The sun was shining, the poolside music playing and Rachel Humphrey, her husband Chris and their three children were enjoying a longed-for holiday in Tenerife.
‘We’d waited ages for a holiday after Covid and it was just perfect,’ recalls Rachel.
The family had opted for an all-inclusive stay in October and were just sitting down with their lunch from the hotel buffet.
Chris, 47, was tucking into a plate of barbecue ribs. ‘He had a habit of often clearing his throat while eating,’ says Rachel.
‘So when he started clearing his throat I thought it was normal. But then he cleared it again — and again.’
When he pushed himself away from the table, Rachel realised that her husband was choking.
As a nurse, she immediately tried the back-slap technique she’d been trained in — slapping Chris hard in the middle of his back to dislodge the food.
The family had opted for an all-inclusive stay in October and were just sitting down with their lunch from the hotel buffet. Chris, 47, was tucking into a plate of barbecue ribs
But it did no good. ‘By now Chris was heaving, his eyes were bulging and his face was red, while his breathing changed to more of a squeak,’ says Rachel, 42.
She readily admits that, while she can keep a calm head in a crisis with patients, it was another matter when it was her own husband, looking at her terrified.
The couple’s teenage sons, Dean and Ben, ‘were sitting there stunned, too — they were witnessing their father fighting for his life’.
Suddenly, from nowhere, Rachel felt a hand on her shoulder.
‘Someone moved me out of the way and stepped in,’ she says. ‘It was a young waiter we recognised. He grabbed Chris, lifted him off the floor — despite Chris being twice his size — and started the Heimlich manoeuvre, giving three large shoves under his breastbone,’ says Rachel.
Something immediately flew from Chris’s mouth across the table. ‘He suddenly let out a huge gasp and breathed,’ she recalls. ‘Everyone around us gasped in relief.’
The waiter — who they later learned was called Jorge Perez Maestre — then simply patted agricultural engineer Chris on the back, asked if he was OK, and resumed his duties.
‘I sat there stunned, unable to eat, tears down my face,’ says Rachel. ‘Jorge had saved Chris’s life.’
‘Someone moved me out of the way and stepped in,’ she says. ‘It was a young waiter we recognised. He grabbed Chris, lifted him off the floor — despite Chris being twice his size — and started the Heimlich manoeuvre, giving three large shoves under his breastbone,’ says Rachel'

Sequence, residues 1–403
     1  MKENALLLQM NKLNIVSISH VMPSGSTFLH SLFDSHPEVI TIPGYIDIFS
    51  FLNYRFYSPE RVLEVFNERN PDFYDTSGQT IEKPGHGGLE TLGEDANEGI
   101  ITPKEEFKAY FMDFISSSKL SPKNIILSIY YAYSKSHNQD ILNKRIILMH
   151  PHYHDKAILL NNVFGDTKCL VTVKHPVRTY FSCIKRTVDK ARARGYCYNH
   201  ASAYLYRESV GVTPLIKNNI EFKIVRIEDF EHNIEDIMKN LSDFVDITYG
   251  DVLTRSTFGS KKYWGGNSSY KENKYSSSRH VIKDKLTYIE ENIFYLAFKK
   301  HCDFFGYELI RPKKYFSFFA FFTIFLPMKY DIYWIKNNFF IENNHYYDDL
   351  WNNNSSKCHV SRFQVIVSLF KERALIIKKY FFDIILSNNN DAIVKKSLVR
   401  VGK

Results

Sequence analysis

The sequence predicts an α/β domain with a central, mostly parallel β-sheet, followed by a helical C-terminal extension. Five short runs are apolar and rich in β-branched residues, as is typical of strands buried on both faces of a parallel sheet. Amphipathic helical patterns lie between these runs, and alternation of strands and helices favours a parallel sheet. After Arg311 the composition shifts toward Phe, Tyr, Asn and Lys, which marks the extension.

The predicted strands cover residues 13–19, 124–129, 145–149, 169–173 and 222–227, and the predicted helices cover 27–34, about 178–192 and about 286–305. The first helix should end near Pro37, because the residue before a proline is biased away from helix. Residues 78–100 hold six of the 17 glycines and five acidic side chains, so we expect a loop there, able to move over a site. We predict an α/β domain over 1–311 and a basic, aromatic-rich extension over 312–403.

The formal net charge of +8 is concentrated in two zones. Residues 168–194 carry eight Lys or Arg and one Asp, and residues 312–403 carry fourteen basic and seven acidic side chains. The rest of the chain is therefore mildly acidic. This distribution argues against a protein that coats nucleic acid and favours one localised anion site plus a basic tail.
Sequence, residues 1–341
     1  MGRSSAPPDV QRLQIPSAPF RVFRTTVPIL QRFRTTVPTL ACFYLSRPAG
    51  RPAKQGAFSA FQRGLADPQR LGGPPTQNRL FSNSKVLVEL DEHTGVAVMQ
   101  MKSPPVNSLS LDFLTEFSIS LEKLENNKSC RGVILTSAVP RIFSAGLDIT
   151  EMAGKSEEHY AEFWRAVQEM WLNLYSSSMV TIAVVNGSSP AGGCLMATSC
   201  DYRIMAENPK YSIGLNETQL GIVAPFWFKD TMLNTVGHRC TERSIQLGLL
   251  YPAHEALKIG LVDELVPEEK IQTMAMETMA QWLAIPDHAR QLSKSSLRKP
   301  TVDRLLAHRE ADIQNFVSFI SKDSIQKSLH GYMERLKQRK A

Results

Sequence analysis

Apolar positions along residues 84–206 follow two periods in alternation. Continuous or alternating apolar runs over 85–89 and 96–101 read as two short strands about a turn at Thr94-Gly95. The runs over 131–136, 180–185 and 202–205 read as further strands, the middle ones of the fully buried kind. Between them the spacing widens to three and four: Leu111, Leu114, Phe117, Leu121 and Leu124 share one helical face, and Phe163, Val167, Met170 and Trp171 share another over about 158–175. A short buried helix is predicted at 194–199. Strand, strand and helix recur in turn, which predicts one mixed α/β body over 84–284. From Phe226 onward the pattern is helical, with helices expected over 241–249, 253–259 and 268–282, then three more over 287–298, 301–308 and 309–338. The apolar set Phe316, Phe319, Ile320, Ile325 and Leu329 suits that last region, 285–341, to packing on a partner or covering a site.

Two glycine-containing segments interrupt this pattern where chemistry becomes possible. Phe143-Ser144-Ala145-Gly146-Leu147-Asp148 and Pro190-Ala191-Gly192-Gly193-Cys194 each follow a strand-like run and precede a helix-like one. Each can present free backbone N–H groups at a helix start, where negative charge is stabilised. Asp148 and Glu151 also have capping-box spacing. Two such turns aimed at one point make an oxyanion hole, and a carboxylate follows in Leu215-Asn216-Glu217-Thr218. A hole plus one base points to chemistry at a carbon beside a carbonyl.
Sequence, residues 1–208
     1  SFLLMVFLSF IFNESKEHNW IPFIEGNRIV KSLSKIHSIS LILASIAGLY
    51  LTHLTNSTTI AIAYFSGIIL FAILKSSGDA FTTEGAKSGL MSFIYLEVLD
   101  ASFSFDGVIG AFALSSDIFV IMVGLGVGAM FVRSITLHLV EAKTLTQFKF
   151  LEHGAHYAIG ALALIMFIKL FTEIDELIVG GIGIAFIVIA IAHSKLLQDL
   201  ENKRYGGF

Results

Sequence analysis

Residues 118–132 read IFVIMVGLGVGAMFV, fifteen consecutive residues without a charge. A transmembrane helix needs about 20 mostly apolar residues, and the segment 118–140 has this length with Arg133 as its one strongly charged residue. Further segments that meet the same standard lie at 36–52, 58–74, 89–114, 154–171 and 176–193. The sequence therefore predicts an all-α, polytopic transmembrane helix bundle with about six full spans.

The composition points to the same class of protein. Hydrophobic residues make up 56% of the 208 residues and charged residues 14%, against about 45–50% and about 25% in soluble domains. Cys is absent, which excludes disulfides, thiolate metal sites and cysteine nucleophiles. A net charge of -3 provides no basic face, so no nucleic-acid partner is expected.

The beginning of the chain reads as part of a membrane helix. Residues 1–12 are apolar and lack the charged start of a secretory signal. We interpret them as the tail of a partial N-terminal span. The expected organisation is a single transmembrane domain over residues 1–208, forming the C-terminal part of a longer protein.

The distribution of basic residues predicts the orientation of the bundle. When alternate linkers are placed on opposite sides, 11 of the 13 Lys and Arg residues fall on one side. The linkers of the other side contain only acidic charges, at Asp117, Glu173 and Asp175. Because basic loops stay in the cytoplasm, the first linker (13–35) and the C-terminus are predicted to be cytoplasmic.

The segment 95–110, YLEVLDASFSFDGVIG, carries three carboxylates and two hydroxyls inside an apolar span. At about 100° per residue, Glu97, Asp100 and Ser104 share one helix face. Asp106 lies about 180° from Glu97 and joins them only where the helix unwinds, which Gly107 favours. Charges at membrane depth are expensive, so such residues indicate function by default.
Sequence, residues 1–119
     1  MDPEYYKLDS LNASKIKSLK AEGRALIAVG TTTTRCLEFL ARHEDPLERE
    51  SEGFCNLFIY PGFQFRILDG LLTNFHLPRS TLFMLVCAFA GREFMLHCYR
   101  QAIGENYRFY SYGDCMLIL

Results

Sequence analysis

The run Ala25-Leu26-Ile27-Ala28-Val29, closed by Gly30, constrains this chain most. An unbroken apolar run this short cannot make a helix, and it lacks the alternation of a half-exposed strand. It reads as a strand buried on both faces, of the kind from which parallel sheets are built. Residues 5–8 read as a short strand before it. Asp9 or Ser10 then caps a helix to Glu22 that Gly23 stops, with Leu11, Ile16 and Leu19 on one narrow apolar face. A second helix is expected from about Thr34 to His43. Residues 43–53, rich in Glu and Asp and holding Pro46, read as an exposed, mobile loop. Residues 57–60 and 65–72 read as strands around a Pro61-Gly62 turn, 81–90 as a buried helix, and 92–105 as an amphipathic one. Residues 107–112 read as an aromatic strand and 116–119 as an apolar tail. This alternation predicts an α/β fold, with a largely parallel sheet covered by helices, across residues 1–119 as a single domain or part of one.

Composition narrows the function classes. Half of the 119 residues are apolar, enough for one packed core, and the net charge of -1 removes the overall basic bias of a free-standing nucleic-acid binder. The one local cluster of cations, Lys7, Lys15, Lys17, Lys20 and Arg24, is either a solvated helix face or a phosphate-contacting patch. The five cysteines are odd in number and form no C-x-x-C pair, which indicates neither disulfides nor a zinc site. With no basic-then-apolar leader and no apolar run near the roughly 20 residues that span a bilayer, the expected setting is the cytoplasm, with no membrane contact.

At least one child a month dies from choking in the UK, according to Dr Lynn Thomas, medical director at first aiders St John Ambulance — in 2019, there were 351 fatalities, among both children and adults, caused by choking.
‘But we don’t know fully how many people have choking episodes and don’t die,’ she adds.
The London Ambulance Service alone receives an average of five calls a day related to choking — with nearly 2,000 people a year in London calling an ambulance because of a choking incident.
‘A lot of this is preventable — if you know what to do you might not need to call an ambulance,’ says Dr Thomas.
When we swallow, the muscles in the lower throat contract, pushing food into the food pipe, and away from the airway.
The vocal cords and a protective flap of tissue called the epiglottis also help keep the airway closed off from food, drink or saliva. Dr Jonathan Hoare, a consultant gastroenterologist at Imperial College Healthcare NHS Trust in London, explains that as you start to swallow, ‘the epiglottis automatically closes off your airway and the food will go down the right way’.
But swallowing is a complex process involving co-ordinating actions between 20 muscles and millions of nerves, he adds.
And this process can go awry for a number of reasons, with the food ending up in the airway instead.
‘People might be eating fast, taking too big a mouthful, talking at the same time, being distracted, or they’re drunk,’ says Dr Hoare.
In some cases, choking is related to a health